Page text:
October has made its close, and we’re back with the global supply chain news that has shaped the past four weeks.
U.S.: As manufacturing closes its fifth straight month of growth, economists and supply chain leaders wait to see how election results might shape the future of the field. But as automation and other disruptive technologies cause rapid evolutions, we must also keep an eye to what kind of labor a growing manufacturing sector will need.
U.K.: So, Brexit. You didn’t think it was over, did you? As talks near, numerous questions emerge about the effects on foreign labor and trade in the U.K. With citizens now fearing for their own employment stability, an unexpectedly high number of workers polled have said they plan to leave the country within 2 years.
Puerto Rico: The debt-negative spiral continues, and the governor has proposed centralized bookkeeping and more rigorous accounting controls to slow the danger. For those unwilling to wait out the process, they have become part of a migration to Florida, becoming part of the tourism and service workforce.
Brazil: Global supply chain recognizes sustainability as a major key word these days; so it’s of global interest that this nation’s green house gases have been identified as a by-product of deforestation. With increasing concerns about how the 3.5% increase in emissions will affect the coffee industry, scientists worldwide are looking for solutions.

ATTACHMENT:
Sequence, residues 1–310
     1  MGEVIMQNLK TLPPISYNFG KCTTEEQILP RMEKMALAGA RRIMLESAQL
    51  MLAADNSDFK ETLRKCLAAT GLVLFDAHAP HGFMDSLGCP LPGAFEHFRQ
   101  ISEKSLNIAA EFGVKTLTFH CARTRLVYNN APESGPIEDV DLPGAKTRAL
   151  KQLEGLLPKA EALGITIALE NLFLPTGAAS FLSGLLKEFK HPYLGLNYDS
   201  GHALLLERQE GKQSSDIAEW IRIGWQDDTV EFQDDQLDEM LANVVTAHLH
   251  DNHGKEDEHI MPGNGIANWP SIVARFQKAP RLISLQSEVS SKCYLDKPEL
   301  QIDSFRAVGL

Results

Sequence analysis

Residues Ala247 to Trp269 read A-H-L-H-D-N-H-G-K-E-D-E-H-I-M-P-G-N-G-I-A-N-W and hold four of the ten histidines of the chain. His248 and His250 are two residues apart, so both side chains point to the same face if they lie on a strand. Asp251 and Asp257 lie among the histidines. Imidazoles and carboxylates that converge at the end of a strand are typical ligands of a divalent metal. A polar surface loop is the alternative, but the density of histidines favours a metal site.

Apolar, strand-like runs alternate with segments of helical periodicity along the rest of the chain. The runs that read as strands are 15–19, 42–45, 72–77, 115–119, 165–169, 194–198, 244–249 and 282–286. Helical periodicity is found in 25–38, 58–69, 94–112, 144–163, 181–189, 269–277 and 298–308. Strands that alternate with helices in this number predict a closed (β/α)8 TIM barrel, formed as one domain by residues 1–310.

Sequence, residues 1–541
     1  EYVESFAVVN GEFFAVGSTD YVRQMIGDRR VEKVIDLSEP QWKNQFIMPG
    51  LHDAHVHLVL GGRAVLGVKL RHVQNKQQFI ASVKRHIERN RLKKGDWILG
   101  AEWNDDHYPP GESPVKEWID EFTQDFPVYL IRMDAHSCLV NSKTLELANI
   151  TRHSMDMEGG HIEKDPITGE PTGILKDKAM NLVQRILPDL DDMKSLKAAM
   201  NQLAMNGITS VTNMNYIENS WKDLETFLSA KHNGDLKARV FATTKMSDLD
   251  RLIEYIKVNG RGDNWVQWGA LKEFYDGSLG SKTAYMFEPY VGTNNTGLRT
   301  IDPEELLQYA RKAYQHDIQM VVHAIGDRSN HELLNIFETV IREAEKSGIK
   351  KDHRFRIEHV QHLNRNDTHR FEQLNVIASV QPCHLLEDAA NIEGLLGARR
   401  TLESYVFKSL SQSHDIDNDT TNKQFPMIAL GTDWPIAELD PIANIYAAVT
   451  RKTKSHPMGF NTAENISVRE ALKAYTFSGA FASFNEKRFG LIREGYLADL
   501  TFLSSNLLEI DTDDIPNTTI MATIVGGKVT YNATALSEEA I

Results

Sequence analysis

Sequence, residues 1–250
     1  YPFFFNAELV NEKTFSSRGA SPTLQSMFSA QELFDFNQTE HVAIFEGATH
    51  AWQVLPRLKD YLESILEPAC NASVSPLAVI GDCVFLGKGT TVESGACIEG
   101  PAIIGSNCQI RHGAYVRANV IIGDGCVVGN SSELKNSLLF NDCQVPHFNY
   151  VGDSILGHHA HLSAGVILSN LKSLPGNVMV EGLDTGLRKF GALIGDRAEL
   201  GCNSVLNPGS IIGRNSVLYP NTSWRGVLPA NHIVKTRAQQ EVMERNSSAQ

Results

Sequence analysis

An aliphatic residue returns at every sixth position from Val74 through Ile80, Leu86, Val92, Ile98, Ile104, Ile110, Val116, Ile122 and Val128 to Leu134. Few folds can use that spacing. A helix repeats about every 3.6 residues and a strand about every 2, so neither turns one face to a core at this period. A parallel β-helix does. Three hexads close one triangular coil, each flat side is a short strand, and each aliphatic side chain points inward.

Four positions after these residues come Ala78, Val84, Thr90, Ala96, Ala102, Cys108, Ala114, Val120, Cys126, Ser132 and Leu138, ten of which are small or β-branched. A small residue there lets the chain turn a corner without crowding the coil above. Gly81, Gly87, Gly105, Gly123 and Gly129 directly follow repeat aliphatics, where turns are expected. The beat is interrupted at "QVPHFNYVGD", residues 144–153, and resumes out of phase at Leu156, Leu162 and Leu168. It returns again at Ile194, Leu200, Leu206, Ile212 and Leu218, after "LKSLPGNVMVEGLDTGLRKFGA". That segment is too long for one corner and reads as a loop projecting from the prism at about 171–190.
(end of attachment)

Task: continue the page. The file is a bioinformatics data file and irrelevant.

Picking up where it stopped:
France: This month’s closure of the Calais refugee camp known as the Jungle has created a migrant crisis within French borders—and tension with British neighbors. As both nations struggle to accommodate adults and children who have been displaced, they also struggle to provide healthcare in an overwhelmed system and to ensure access to education and employment.
Germany: As VW comes to agreements in the U.S. to begin repairing its emissions scandals, investigations have failed to implicate corporate leaders in Germany. Effects are starting to appear in the supply chain, as VW has announced delays to its technology projects in order to cut costs.
Canada: Closing out the month of trade deals, Justin Trudeau signed onto the CETA to solidify trade with the EU in a post-Brexit world. As tariffs are radically reduced or eliminated, importers and exporters on both sides look forward to expansion and streamlined supply chain.
Mexico: Who doesn’t love avocados? But fans of the food have faced high prices and limited stock this month, due to strikes. As prices rose from $30 to $90 a box, restaurants have not been the only ones feeling the pinch. Supermarkets also feel the effects, as the higher cost per piece leads to lower margins and losses as stock sits unpurchased on shelves. How will winter, and the off season, affect the strikes?
Madagascar: The island nation has become a testing ground for peaceful supply chain usage of drones. After years of r&d, drones are prepared to deliver medicine and crucial healthcare supplies to regions that are otherwise off the grid. How long before the technology spreads to other regions of the world?
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